As if these weren’t enough, the story of the musical is also the story of its creators and performers, men and women from every aspect of American — and foreign — society, who came together, often under the most invidious circumstances, to create something that transcended their differences. Refugees came together with native sons and daughters; task masters worked with dissipated alcoholics; white producers championed black performers — and black performers turned right around and made fortunes for those producers; artists fled financial failure for the blandishments of the lucrative worlds of film and television — then fled right back to the stage; gay artists created enduring models of heterosexual romance and heterosexual artists became icons within the gay world; songwriters lost fortunes in the Depression, only to regain them by writing about the Depression itself — the list of ironies and strong compelling biography is endless, each story replete with illuminations about our culture.
Yet, still, the elements that constitute the musical don’t end there. The production of the musical is an art form itself. Complicated and often inflammatory, the craft of producing a Broadway show involves knowing the public’s tastes (and usually challenging it), raising capital, battling societal trends — all on the most expensive real estate in the most fractious city in the world. And, finally, there is the dissemination of the musical, which encompasses a vast narrative of communications and the media. Through sheet music, over the radio, in movies, on television, on gramophones, hi-fis, and CDs, through word-of-mouth, through visiting tourists, servicemen, grandmothers and their grandchildren, the world of the Broadway musical has been brought to every corner of this country and, by extension, the world. The musical is as powerful an image-maker of America as Hollywood has been and the shaping and shifting of that image is another cultural marker.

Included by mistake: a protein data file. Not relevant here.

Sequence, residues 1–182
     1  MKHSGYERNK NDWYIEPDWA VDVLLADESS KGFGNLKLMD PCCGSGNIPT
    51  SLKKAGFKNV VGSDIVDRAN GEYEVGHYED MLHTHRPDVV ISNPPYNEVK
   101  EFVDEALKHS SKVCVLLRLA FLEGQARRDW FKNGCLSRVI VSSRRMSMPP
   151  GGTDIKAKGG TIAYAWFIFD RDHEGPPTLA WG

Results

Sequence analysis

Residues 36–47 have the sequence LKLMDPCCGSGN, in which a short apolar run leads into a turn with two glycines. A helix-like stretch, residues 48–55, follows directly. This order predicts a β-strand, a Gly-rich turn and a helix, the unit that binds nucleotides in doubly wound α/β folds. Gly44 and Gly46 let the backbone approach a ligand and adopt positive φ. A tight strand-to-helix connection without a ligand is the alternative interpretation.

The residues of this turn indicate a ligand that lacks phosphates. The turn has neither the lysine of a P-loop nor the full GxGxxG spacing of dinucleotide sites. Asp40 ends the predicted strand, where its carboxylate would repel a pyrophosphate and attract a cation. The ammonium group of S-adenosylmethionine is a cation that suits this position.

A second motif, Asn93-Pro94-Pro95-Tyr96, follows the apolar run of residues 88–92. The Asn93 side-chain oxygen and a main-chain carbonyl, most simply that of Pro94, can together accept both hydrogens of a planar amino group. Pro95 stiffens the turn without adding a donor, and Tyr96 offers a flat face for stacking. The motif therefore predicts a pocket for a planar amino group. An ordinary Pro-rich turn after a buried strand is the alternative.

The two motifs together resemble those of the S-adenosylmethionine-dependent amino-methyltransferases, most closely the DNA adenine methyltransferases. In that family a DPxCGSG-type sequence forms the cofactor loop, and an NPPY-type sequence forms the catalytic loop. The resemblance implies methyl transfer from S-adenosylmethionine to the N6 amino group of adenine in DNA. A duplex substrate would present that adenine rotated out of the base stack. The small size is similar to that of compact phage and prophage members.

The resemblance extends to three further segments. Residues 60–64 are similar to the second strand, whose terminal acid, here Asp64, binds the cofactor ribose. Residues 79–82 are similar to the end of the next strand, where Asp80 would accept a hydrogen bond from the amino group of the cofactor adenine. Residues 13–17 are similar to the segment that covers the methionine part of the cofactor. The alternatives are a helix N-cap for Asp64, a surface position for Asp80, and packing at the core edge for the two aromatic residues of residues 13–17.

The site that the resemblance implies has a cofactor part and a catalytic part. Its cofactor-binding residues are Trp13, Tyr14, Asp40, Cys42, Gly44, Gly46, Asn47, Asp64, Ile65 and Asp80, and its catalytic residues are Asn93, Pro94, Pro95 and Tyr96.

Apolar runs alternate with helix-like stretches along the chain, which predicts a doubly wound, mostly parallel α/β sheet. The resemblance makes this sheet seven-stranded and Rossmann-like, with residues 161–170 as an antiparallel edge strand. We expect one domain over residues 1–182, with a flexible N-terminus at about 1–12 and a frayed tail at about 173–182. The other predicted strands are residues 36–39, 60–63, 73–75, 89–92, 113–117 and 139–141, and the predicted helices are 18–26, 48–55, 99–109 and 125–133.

Photo credits: Photofest; Historic American Sheet Music, “Keep Moving Cake Walk,” Music B-791, Duke University Rare Book, Manuscript, and Special Collections Library; Cole Porter Trust; and the Rodgers & Hammerstein Organization; and the New York Public Library